It's been an active hurricane season 2011 with Irene and Katia becoming major storms. When you look at a hurricane on a satellite image what's the first thing focus on?
I'm sure it's the eye on the hurricane!
Here's a satellite image of hurricane Irene's eye when she was at her peak over the Bahamas.
You can clearly see the well defined eye in the center of the storm.
I've had a few questions lately from my blog readers about what causes the eye of a hurricane to form?
Hurricane Eye: Inside the radius of the eye wall, the winds and precipitation decrease rapidly. At the center light winds and generally descending air make up the hurricane eye, which is one of the most characteristic features of the tropical cyclone. Eyes range in size from 5 miles to over 120 miles across, but most are approximately 20-40 miles in diameter. The eye is so calm because the strong surface winds that converge towards the center never reach it.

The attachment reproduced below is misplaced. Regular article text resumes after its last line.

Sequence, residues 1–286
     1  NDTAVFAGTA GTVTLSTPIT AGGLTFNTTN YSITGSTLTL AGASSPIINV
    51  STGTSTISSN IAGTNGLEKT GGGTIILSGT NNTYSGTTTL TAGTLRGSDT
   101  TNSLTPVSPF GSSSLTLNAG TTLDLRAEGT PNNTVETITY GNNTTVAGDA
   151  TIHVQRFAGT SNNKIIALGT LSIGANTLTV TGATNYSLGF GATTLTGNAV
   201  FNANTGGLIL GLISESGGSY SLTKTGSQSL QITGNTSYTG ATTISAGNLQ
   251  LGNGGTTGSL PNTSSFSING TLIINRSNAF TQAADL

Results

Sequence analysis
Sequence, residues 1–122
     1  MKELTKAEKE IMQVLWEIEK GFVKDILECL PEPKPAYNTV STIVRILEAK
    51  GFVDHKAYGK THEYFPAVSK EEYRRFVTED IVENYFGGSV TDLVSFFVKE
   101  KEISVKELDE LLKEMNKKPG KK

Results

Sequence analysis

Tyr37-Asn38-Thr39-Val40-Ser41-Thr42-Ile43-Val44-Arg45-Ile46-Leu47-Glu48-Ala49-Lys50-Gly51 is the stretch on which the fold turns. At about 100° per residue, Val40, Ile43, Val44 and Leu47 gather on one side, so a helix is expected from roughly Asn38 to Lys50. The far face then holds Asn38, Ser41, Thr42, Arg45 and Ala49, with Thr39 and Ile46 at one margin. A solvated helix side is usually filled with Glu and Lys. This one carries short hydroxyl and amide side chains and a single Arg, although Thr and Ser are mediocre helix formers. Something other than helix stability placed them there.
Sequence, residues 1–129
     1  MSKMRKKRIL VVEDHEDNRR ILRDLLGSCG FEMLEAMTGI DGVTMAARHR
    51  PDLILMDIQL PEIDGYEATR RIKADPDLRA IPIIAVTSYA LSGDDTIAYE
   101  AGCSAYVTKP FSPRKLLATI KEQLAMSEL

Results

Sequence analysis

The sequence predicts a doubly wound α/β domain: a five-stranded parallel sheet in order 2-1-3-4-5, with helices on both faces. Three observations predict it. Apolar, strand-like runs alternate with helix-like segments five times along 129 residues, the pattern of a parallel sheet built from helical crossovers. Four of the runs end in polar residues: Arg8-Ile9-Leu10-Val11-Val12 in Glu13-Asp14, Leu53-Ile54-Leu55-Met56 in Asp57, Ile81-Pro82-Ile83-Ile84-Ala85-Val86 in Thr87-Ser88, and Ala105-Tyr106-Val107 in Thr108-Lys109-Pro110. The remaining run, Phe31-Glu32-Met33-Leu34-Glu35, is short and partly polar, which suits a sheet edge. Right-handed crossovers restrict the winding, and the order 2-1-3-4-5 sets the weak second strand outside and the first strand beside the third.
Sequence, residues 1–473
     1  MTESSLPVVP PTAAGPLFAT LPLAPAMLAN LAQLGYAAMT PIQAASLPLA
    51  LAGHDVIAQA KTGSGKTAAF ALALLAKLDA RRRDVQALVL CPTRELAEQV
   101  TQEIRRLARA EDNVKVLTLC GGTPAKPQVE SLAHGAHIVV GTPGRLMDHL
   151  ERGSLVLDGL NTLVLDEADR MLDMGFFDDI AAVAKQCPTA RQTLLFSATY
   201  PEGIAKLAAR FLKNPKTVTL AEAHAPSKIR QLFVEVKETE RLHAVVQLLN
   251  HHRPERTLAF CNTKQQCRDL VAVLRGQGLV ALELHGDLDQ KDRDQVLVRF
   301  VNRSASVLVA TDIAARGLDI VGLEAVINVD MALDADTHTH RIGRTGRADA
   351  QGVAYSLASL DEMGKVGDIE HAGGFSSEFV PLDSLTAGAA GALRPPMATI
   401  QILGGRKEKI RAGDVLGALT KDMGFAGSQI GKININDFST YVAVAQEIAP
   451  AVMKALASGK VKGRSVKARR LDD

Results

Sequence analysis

Why is the eye clear? An eye becomes visible when some of the rising air in the eye wall is forced towards the center of the storm instead of outward -- where most of it goes. This air is coming inward towards the center from all directions. This convergence causes the air to actually sink in the eye. This sinking creates a warmer environment and the clouds evaporate leaving a clear area in the center. Although sinking air in the eye is sometimes sufficiently strong to produce clear skies, there are often shallow cumulus clouds near the surface. The eye is easily recognized in radar photographs and satellite pictures unless a cirrus canopy covers the top of the storm.
Keep those great questions coming and post your comments below!
Like my Facebook page: facebook.com/joshfitzwsaz
Follow me on Twitter: twitter.com/joshfitzwsaz